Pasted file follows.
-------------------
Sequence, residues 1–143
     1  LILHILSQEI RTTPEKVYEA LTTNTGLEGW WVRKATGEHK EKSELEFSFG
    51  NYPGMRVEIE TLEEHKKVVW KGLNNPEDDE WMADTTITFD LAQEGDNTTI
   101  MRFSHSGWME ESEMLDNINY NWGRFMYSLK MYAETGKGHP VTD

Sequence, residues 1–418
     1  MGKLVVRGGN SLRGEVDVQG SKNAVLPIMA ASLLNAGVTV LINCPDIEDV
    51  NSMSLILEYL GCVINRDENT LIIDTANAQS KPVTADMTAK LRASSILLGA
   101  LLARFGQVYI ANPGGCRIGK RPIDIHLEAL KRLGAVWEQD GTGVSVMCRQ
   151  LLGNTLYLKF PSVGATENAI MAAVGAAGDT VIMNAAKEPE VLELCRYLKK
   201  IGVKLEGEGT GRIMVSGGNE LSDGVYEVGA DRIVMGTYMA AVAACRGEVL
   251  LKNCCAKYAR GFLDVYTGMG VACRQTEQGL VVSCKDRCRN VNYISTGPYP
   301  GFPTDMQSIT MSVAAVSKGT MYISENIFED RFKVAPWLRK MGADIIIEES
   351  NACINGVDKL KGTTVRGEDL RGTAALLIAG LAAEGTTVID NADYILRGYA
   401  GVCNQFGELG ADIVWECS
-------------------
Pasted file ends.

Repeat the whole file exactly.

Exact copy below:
Sequence, residues 1–143
     1  LILHILSQEI RTTPEKVYEA LTTNTGLEGW WVRKATGEHK EKSELEFSFG
    51  NYPGMRVEIE TLEEHKKVVW KGLNNPEDDE WMADTTITFD LAQEGDNTTI
   101  MRFSHSGWME ESEMLDNINY NWGRFMYSLK MYAETGKGHP VTD

Sequence, residues 1–418
     1  MGKLVVRGGN SLRGEVDVQG SKNAVLPIMA ASLLNAGVTV LINCPDIEDV
    51  NSMSLILEYL GCVINRDENT LIIDTANAQS KPVTADMTAK LRASSILLGA
   101  LLARFGQVYI ANPGGCRIGK RPIDIHLEAL KRLGAVWEQD GTGVSVMCRQ
   151  LLGNTLYLKF PSVGATENAI MAAVGAAGDT VIMNAAKEPE VLELCRYLKK
   201  IGVKLEGEGT GRIMVSGGNE LSDGVYEVGA DRIVMGTYMA AVAACRGEVL
   251  LKNCCAKYAR GFLDVYTGMG VACRQTEQGL VVSCKDRCRN VNYISTGPYP
   301  GFPTDMQSIT MSVAAVSKGT MYISENIFED RFKVAPWLRK MGADIIIEES
   351  NACINGVDKL KGTTVRGEDL RGTAALLIAG LAAEGTTVID NADYILRGYA
   401  GVCNQFGELG ADIVWECS